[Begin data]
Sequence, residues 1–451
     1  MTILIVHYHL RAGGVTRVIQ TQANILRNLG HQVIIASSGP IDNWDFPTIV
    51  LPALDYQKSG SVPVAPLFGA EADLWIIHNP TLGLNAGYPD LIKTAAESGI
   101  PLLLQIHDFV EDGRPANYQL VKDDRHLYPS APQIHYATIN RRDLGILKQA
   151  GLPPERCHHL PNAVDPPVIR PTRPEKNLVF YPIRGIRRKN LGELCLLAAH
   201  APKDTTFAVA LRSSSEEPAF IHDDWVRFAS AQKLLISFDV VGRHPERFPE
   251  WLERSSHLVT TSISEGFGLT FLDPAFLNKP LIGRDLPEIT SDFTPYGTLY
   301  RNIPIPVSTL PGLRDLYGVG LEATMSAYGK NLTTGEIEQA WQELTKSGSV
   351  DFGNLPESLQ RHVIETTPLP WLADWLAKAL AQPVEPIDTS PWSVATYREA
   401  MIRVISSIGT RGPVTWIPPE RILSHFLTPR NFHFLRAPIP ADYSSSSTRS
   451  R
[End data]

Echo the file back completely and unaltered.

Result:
Sequence, residues 1–451
     1  MTILIVHYHL RAGGVTRVIQ TQANILRNLG HQVIIASSGP IDNWDFPTIV
    51  LPALDYQKSG SVPVAPLFGA EADLWIIHNP TLGLNAGYPD LIKTAAESGI
   101  PLLLQIHDFV EDGRPANYQL VKDDRHLYPS APQIHYATIN RRDLGILKQA
   151  GLPPERCHHL PNAVDPPVIR PTRPEKNLVF YPIRGIRRKN LGELCLLAAH
   201  APKDTTFAVA LRSSSEEPAF IHDDWVRFAS AQKLLISFDV VGRHPERFPE
   251  WLERSSHLVT TSISEGFGLT FLDPAFLNKP LIGRDLPEIT SDFTPYGTLY
   301  RNIPIPVSTL PGLRDLYGVG LEATMSAYGK NLTTGEIEQA WQELTKSGSV
   351  DFGNLPESLQ RHVIETTPLP WLADWLAKAL AQPVEPIDTS PWSVATYREA
   401  MIRVISSIGT RGPVTWIPPE RILSHFLTPR NFHFLRAPIP ADYSSSSTRS
   451  R